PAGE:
The contributions in this volume of TRIALOG shed light on the urban transitions in African countries resulting from the inherent effects of rapid urbanisation in terms of governance, spatial transformations, and socioeconomic impacts. Alexander Jachnow analyses the benefits of different urban actors derived from the dysfunctionality of land-provision systems by assessing complex urban land markets in Mozambique, stressing the negative consequences of these short-term benefits. Carolina Lunetta and Els Keunen assess the role of local governments and land-market transformations influencing the process of urban expansion and leading to sprawl and the commodification of land in Nampula, Mozambique. Anna Mazzolini and Daniel Draper revise land management and governance in Mozambique through the lenses of “inverse-planning” initiatives at the city outskirts of Maputo, which represent an opportunity to reshape the social contract between the citizens and local authorities. Ogenis Brilhante debates two opposing paradigms related to city sustainability “making room for future city expansion” and the “compact city”, identifying and measuring the sprawl and compact characteristics of the expansion process of the city of Nampula, Mozambique. Paul Jenkins presents the relevance of new forms of urbanism by “non-formal” initiatives of residents in Mozambique as a manner to guide and support urban development with significant qualitative impact. Victor U. Onyebueke and Raphael I. Ndukwu explore the impacts of recent neo-customary practices of rural communities in transforming, customary land-tenure systems in peri-urban areas, which are accelerating urban sprawl in the Enugu metropolitan area of Nigeria. Eléusio Viegas Filipe and Simon Norfolk expose the socio-economic transformation of peri-urban areas in Belo Horizonte, Mozambique, from subsistence agriculture to high-value residential plots, with the peasantry being dispossessed from their land by urban elite. Eddy Chikuta, Wilma S. Nchito, Emma Wragg and Gilbert Siame assess the nature and implications of settlement upgrading through the lens of gentrification in Kalingalinga, one of the fast-developing informal settlements in the city of Lusaka, Zambia. Kerry Selvester and Caroline Wood expose the tangible and intangible barriers that geographically confine young women to the bairros in Maputo, Mozambique, and emphasise the need for interventions that address these barriers in order to unlock the opportunities that cities present. Finally, referring to urban development pattern in the North of the continent, Hans Harms analyses the formation processes of two different types of informal settlements in the Greater Cairo area and discusses policies for their improvement. This last example shows how extremely high densities and compactness achieved through such informal processes lead to another set of challenges in the process of urban transition.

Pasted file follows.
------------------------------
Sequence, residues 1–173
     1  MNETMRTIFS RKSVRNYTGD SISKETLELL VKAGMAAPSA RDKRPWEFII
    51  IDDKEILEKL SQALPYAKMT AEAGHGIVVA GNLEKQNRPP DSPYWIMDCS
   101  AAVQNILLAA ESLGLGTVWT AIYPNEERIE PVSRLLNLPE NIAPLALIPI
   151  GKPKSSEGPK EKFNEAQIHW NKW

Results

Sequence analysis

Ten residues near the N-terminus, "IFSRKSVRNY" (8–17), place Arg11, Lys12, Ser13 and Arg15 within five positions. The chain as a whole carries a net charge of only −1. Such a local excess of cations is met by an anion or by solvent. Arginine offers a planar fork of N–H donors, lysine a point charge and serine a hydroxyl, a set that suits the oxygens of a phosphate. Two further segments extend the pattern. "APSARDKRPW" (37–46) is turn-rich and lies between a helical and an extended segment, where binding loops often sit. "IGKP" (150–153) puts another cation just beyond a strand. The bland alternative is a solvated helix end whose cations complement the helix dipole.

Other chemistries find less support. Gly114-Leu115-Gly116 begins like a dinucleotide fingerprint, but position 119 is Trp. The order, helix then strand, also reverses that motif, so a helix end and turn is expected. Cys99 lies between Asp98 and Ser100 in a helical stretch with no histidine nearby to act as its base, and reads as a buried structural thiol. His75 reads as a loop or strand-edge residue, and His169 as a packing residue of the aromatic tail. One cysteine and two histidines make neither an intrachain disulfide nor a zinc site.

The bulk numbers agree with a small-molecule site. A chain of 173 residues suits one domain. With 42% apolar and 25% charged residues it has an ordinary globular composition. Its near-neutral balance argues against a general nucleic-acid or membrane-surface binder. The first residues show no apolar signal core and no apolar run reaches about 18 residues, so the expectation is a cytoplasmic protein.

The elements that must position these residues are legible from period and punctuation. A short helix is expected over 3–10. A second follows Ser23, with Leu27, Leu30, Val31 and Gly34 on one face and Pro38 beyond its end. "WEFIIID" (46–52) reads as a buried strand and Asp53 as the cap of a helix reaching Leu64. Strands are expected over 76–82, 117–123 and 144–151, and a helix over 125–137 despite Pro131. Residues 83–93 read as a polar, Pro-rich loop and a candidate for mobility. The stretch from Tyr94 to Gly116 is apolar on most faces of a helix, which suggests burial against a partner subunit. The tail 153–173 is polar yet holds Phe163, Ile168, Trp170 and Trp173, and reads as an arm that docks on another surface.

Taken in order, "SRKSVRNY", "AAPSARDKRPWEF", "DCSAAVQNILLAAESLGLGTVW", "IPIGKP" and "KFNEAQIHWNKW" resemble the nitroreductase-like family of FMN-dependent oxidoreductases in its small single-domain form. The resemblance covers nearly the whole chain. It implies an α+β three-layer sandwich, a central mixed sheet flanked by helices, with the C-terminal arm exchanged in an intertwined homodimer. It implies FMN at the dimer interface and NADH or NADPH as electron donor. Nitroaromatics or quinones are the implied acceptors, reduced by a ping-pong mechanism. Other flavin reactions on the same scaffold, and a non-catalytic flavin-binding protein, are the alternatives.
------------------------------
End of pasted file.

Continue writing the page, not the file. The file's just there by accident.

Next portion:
Alexander Jachnow, Carolina Lunetta and Klaus Teschner

We would like to thank Alberto Gianoli, Camila D‘ Ottaviano, Christian von Wissel, Emma Wragg, Georgia Watson, Lizete Rubano, Luca D’Acci, Luciana Freitas Ezequiel, Mariana Kiel, Nadia Goodman, Renato Pequeno, Salvador Forquilhar, Sukanya Krishnamurthy, and Tikvah Breimer for the review of the abstracts for the Urban Research Forum.


  • 2. Editorial
  • 4. The Benefits of Dysfunctionalities – Complex Land Markets and the Rapid Urbanisation of Mozambique Alexander Jachnow
  • 10. Analysing Urban Growth in Mozambique: The Influencing Factors of Urban Expansion and Their Impacts Carolina Lunetta and Els Keunen
  • 17. Experiences of Inverse Planning – Re-thinking Land Access and Urban Governance in Maputo, Mozambique Anna Mazzolini and Daniel Draper
  • 23. The Compact City versus Making Room for Future City Expansion in the Context of Nampula, Mozambique Ogenis Brilhante
  • 28. Working with Urban Expansion and Densification in Sub-Saharan Africa: Learning from Land Access and Urban Development in Maputo Paul Jenkins
  • 35. Neo-customary Turn in Urban Land/Settlement Delivery and the Sprawl Question in Peri-urban Enugu, Nigeria Victor U. Onyebueke and Raphael I. Ndukwu
  • 40. Urban Sprawl and Gentrification in Belo Horizonte, Mozambique: Informal Land Markets and Disappearing Peasantries Eléusio Viegas Filipe and Simon Norfolk
  • 45. Implications of Informal Settlement Upgrading on Inclusive Urban Development in the City of Lusaka: The Case of Kalingalinga Eddy Chikuta, Wilma S. Nchito, Emma Wragg and Gilbert Siame
  • 50. Bairros – Barriers or Gateways for Mozambique’s Young Women? Kerry Selvester and Caroline Wood
  • 53. Informal Settlements in Cairo – Formation Process and Options for Improvement Hans Harms
  • 62. Call for Papers: Annual Conference of TRIALOG 2018